Homophobic Colorado Web Designer Returns to Trial Court After Supreme Court Win

Author: Trudy Ring

Lawyers for Lorie Smith, the web designer who doesn’t want to serve same-sex couples, were back in court this week as Colorado prepares to implement the favorable ruling she received from the U.S. Supreme Court in June.

Smith, owner of 303 Creative, wants to offer wedding websites but says providing them to same-sex couples would violate her free speech rights, even though Colorado law bans discrimination based on sexual orientation. She objects to same-sex marriage because of her conservative Christian beliefs.

She sued in 2016 challenging the state’s antidiscrimination law, and after she lost at the federal district court and appeals court levels, the U.S. Supreme Court ruled in 303 Creative v. Elenis that she had the right to refuse to create messages with which she disagrees. The high court sent the case back to U.S. District Court in Colorado for the state to approve an order recognizing that right.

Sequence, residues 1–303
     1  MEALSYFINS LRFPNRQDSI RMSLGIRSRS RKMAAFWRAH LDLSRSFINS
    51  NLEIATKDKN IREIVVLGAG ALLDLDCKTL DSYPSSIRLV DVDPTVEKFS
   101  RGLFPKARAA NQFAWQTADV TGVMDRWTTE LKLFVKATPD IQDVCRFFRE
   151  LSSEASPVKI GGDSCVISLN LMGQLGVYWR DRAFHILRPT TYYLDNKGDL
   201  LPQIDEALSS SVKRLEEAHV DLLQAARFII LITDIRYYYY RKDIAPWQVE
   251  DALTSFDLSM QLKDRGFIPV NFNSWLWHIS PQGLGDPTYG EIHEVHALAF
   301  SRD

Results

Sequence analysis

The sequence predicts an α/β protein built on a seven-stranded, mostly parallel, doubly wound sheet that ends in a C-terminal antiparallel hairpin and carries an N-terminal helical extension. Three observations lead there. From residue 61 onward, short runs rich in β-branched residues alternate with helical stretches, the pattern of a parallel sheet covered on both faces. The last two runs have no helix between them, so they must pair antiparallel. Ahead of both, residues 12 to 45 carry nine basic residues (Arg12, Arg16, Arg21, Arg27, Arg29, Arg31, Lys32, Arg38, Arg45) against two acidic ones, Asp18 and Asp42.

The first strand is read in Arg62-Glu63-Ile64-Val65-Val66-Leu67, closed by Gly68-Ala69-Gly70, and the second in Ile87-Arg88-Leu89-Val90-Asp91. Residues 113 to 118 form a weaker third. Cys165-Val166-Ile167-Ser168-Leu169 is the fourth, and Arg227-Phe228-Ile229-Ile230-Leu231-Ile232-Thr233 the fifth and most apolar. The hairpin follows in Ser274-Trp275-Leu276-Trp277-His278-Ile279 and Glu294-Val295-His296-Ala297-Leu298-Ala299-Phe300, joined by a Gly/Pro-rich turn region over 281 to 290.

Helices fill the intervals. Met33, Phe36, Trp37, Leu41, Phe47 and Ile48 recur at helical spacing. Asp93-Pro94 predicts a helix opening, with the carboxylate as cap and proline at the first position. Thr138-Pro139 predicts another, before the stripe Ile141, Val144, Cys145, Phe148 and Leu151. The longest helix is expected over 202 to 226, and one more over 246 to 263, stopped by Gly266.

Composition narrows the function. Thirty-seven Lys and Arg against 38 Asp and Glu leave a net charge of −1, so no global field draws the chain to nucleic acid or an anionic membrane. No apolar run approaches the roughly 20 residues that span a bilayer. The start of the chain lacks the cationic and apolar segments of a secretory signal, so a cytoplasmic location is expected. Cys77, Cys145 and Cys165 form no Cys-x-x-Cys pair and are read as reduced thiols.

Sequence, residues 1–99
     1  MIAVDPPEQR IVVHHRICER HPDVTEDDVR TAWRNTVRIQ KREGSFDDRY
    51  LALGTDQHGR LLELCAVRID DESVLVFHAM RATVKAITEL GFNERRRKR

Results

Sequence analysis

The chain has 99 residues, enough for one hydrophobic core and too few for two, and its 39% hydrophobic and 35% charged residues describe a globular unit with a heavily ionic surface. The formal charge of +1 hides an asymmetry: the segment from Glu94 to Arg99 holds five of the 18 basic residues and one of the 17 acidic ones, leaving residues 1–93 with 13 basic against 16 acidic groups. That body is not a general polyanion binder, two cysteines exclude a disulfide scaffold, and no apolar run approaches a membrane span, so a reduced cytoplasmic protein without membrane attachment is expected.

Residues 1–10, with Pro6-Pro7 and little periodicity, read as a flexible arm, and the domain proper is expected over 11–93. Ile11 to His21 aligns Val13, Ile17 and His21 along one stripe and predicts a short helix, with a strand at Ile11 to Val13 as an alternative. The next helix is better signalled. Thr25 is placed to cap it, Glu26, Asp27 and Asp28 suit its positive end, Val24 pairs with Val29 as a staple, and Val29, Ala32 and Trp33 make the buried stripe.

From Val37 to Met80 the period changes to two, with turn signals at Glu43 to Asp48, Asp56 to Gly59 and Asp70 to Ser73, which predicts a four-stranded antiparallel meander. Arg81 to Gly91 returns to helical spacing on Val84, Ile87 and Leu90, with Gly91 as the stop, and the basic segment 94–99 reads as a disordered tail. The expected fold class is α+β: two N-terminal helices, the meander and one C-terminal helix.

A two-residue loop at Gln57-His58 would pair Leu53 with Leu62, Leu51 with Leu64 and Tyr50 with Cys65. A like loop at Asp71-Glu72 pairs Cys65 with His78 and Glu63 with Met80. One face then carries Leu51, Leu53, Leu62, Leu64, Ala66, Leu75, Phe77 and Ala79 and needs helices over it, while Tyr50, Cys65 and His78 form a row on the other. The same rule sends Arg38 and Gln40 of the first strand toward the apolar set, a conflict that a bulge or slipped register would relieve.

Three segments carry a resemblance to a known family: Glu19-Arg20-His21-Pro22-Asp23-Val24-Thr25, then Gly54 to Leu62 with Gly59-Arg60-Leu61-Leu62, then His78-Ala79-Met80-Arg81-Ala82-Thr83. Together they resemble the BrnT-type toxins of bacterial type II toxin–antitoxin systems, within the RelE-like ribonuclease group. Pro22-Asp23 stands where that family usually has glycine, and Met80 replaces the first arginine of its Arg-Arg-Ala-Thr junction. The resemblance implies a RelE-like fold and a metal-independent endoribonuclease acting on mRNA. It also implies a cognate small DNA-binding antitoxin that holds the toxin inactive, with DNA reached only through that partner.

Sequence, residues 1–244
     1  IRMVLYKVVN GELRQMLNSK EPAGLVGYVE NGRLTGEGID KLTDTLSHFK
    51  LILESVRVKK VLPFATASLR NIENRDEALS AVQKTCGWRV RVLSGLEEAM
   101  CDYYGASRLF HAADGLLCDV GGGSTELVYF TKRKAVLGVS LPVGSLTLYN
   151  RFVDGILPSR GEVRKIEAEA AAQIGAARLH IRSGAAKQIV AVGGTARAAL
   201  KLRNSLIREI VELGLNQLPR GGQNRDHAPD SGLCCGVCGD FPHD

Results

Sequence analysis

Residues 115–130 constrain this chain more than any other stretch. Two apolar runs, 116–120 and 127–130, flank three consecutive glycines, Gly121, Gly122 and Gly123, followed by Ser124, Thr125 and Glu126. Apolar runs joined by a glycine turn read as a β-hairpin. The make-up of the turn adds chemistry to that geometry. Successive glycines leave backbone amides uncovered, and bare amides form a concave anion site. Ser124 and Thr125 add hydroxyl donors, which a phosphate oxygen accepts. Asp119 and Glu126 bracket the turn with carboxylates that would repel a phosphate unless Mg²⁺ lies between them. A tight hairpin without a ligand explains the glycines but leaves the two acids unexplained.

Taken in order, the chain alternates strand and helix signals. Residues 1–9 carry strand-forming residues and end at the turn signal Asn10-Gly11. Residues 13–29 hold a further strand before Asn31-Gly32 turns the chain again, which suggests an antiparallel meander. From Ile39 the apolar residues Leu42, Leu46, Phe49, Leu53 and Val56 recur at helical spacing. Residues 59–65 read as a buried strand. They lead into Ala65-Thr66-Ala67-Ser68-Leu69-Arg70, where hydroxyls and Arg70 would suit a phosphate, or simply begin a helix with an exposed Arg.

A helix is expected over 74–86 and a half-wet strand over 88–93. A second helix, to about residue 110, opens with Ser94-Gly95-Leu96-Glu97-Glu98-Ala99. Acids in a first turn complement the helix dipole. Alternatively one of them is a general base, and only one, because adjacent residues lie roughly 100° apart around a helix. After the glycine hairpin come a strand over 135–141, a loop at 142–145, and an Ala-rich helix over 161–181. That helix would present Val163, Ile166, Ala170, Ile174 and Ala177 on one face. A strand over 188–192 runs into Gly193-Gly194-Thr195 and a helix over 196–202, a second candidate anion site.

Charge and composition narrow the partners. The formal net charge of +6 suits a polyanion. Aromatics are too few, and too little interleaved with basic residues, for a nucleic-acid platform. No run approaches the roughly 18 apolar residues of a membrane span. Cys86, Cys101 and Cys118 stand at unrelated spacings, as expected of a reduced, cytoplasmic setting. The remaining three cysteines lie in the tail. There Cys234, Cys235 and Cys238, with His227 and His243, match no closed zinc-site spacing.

In the district court Tuesday, lawyers for Smith and the state said they would join in drafting an injunction saying Smith would not be punished under Colorado law. Chief Judge Philip A. Brimmer gave them until December 7 to do, Colorado Politics reports. If they can’t agree on the language, he said, each side can submit its version and he’ll come up with a final order.

When the case came back to the district court, it was initially assigned to Judge Charlotte N. Sweeney, the first out gay federal judge in Colorado. She recused herself, saying her impartiality might be questioned. Brimmer then took over the case.

Smith has not been in the wedding website business so far, so her refusal to create them for same-sex couples was a preemptive move. Her site says wedding websites are coming soon.

She was represented in her case by the Alliance Defending Freedom, which has represented many other anti-LGBTQ+ clients, including Colorado baker Jack Phillips, who was sued after he refused to create a custom wedding cake for a same-sex couple. The Colorado Civil Rights Commission found him in violation of state law, and he appealed all the way to the Supreme Court, which vacated the commission’s ruling against him in 2018, saying commissioners had shown insufficient respect for his religious beliefs.

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Original Article on The Advocate
Author: Trudy Ring

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